Simpsons was acquired by HBC in , but the stores in the chain continued to operate under the Simpsons banner for over a decade. In , the Montreal area stores were folded into The Bay, with Toronto following suit in Can you help me? The collection can be discovered throughout this website as well as on our Twitter and Instagram feeds.
If you want to request a specific image, you can do this through our website at: How big was HBC at its largest extent? Does HBC make its own products? We do not manufacture anything ourselves; we are strictly retailers.
Today, these products are primarily apparel and housewares. Beaver pelts were such a valuable commodity that HBC preferred to trade for what was known as Made Beaver. This unit represented the estimated value of a prime beaver pelt — flesh removed, stretched, properly tanned and ready for trade — on the London market, and it served as a standard accounting unit. What is it and is it valuable?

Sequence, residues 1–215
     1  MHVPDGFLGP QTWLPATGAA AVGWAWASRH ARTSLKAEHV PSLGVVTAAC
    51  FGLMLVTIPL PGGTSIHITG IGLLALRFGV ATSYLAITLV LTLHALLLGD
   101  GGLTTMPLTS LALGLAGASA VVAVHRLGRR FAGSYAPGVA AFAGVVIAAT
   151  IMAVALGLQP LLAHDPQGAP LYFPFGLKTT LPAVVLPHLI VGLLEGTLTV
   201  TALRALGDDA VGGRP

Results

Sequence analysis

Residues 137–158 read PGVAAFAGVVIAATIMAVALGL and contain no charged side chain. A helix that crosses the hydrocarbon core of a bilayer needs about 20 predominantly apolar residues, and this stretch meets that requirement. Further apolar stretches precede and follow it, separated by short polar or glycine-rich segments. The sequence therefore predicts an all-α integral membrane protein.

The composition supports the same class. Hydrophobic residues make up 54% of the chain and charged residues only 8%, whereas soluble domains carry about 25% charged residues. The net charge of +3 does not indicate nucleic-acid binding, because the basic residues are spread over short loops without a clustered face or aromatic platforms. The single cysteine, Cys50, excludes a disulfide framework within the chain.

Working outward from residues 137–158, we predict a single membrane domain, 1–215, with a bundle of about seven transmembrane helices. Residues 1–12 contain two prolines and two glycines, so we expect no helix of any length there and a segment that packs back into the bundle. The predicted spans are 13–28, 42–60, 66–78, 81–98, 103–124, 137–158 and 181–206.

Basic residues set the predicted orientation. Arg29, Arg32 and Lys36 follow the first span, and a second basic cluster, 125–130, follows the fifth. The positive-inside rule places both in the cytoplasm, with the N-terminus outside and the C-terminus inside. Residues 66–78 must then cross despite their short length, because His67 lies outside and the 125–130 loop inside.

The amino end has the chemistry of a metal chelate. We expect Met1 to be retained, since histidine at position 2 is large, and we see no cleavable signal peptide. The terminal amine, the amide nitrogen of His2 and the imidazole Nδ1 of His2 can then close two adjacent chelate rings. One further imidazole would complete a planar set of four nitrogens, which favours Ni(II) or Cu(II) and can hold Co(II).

This is a fur trade token, which was used by HBC as a means of indicating credit against future purchases held by an individual trapper. The denomination of a token — such as 5 MB — means it was equivalent in value to five Made Beaver. A trapper would present all his furs at once, and if he did not purchase their full equivalent in trade goods, he would be issued tokens as change. Tokens came in varying denominations and were in use as late as in the eastern Arctic.
HBC Heritage is not in a position to advise on the value of any item. If you have questions about the value of an item in your possession, we suggest that you contact a professional appraiser, like the American Society of Appraisers. What is The Beaver magazine? For years, it was much like any other internal newsletter, featuring a lot of material on sales events, marriages, births, store happenings, and news. It also always contained articles about HBC history. By the s, The Beaver had expanded to embrace Canadian history as a whole, with a particular focus on the north.